7. Re: kinds of intensity

    Hm. You gave me some things to consider, & remember. Thank you for the insight here. Though I’ll look for non-navigation methods of providing downtime, I see now how downtime is necessary.

    …general rules to liven up conversation…

    If I understand correctly, these keep the player on the conversation’s primrose path (or one of them), but prevent the conversation from seeming like “press SPACE for the next bit”, yes? And if I understand correctly, this is what you allude to when you say:

    [re: some games that seem dull in spite of themself] As far as I can tell, it has to do with the amount of variety offered the player,

    If so, I would like a term for that… that… “varying the syntax or form of input expected from the player (for the purpose of providing a veneer of variety)” or whatever it is.

    >>But it(?) does dovetail with choices about what kinds of scenes to present when, which is why I think of it as an extension of pacing.

    I don’t quite understand this. I agree a lack of input variety can reduce a player’s interest, but I don’t think reducing a player’s interest means the same thing as slowing the story’s pace to a stop, because a reader can lose interest even in a well-constructed, well-paced story for nothing beyond simple personal preferences in taste.

    Could you say a little more on that one point? I’m almost done here.

    -Ron

    (Yeah, I know formulating perfect definitions invites attack, but I was at least hoping you’d take a stab at it. To me, pacing is still mostly “I know when I see it”, which does not satisfy. “The rate of plot info drops” is better than nothing. As for interactivity, I suppose Crawford’s existing definition could be amended to include “how often the author offers the opportunity to intervene vs. how often the players wishes to intervene”. There are times when a long conversational textdump makes we want to interrupt right… there and say something different. Other times, I feel the conversation stopped too soon and gave me a prompt; the resulting what-do-I-do moment is uncomfortable.)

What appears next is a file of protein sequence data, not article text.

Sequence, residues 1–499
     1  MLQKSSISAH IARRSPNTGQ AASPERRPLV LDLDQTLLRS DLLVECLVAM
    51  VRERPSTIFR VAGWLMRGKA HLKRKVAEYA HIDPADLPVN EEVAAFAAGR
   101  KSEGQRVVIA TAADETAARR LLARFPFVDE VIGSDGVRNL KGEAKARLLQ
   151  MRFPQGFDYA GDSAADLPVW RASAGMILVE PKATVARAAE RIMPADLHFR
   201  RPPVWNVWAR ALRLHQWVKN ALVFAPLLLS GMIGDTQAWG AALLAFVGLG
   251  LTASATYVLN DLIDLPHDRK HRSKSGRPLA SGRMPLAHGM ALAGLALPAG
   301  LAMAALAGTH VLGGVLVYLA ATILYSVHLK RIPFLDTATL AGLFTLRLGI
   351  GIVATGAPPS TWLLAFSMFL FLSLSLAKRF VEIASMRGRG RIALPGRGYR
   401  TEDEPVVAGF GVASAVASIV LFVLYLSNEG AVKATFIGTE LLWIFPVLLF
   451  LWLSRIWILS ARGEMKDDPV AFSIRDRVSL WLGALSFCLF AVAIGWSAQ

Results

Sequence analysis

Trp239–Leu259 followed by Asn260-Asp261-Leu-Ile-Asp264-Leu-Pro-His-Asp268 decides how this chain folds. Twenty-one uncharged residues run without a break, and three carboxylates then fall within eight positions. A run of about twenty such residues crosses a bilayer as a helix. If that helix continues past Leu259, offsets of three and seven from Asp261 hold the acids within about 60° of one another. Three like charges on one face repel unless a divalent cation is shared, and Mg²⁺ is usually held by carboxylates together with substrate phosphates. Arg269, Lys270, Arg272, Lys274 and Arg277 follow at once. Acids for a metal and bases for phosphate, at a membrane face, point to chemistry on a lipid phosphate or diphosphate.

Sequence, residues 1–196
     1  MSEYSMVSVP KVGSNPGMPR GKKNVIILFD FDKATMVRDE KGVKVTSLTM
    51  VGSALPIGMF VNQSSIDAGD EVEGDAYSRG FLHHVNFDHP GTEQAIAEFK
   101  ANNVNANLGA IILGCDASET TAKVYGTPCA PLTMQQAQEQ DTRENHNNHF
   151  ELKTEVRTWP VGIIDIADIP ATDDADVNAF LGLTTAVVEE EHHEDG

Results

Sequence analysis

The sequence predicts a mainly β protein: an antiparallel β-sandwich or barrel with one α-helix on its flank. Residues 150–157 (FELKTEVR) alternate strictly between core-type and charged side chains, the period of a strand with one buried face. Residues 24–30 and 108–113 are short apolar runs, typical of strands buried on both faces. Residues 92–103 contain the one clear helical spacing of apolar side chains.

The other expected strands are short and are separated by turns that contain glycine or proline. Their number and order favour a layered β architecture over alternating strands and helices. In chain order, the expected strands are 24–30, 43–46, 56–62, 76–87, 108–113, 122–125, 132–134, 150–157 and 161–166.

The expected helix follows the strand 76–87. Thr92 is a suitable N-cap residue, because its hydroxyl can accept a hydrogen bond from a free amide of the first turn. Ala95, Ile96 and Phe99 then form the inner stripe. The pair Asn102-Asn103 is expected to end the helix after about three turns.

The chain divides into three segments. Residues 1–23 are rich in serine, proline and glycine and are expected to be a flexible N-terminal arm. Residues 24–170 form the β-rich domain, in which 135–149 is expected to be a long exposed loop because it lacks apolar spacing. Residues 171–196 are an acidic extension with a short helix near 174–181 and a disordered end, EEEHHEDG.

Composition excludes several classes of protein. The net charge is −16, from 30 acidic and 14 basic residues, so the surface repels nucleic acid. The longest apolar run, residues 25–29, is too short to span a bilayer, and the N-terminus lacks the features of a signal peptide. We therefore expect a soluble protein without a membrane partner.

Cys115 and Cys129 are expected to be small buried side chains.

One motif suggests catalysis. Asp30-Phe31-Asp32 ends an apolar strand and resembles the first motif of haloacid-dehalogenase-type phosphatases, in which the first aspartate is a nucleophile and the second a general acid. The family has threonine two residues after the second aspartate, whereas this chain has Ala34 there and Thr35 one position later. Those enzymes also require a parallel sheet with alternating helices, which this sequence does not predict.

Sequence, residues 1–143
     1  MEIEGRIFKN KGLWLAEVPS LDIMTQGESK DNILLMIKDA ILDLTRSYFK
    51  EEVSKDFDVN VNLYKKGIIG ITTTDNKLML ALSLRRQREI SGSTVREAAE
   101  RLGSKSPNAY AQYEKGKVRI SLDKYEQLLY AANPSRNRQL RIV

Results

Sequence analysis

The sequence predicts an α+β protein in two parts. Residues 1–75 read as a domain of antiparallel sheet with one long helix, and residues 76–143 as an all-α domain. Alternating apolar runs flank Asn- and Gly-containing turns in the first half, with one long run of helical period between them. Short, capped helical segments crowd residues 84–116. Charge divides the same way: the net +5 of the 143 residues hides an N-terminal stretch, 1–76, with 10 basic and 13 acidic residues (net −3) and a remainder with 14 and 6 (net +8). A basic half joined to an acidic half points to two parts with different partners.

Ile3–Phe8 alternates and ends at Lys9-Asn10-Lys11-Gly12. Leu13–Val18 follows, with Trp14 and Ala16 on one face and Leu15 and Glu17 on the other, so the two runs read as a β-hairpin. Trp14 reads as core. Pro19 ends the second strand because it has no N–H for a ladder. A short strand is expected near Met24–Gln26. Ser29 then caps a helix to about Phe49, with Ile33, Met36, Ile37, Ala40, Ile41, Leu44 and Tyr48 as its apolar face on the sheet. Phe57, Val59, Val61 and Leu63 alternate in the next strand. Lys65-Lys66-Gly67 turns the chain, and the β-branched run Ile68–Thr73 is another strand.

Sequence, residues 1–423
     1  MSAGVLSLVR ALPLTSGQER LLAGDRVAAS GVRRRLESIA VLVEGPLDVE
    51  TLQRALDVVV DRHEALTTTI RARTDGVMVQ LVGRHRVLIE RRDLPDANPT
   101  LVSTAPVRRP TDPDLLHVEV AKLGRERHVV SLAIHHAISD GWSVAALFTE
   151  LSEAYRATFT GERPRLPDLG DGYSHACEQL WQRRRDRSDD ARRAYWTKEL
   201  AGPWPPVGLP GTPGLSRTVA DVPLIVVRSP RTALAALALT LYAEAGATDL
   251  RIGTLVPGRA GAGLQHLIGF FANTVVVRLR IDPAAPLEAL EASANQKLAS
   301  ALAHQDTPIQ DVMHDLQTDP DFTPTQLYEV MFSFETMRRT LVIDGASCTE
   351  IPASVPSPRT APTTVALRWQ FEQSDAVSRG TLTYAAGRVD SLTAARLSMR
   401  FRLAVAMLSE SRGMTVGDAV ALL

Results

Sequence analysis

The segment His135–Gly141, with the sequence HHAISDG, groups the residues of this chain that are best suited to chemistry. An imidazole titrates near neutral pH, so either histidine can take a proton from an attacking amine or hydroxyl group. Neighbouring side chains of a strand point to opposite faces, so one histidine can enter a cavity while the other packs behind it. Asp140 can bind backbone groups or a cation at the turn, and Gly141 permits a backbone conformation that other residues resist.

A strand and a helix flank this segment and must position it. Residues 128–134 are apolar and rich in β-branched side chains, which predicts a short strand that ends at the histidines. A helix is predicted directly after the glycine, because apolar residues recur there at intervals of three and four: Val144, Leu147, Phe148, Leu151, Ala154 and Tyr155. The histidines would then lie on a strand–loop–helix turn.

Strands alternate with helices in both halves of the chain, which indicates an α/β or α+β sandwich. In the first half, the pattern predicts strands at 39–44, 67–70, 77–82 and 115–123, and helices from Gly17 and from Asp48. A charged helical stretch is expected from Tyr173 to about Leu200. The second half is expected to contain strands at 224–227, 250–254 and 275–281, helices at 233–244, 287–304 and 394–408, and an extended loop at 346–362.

8. I don’t quite understand this. I agree a lack of input variety can reduce a player’s interest, but I don’t think reducing a player’s interest means the same thing as slowing the story’s pace to a stop

    Well, no, but in the situations I’m talking about, I know the problem isn’t a macroscopic problem with the story (which I like well enough), but a small-scale one to do with the texture of the interaction.

    Yeah, I know formulating perfect definitions invites attack, but I was at least hoping you’d take a stab at it.

    I’m not afraid of being attacked exactly (though I’m sure some people would disagree, I expect they’d keep it civil, and if they didn’t, then I don’t really feel obliged to answer them either).

    I meant: that’s an enormous question. Or, worse: two enormous questions, because pace and interactivity are both important and they are different beasts (though, as you say, related, at least in IF).

    I don’t anticipate having an answer I like just by coming up with something off-the-cuff; it would take me days of thinking and writing-up to arrive at a preliminary answer (which I still might not be at all happy with). I’m also not sure how germane it would be if I did. All sorts of things are interactive but handle their interactivity in a different way than IF does, so a definition that tried to address the broad term would likely have little predictive value about successful use of interactivity in our medium.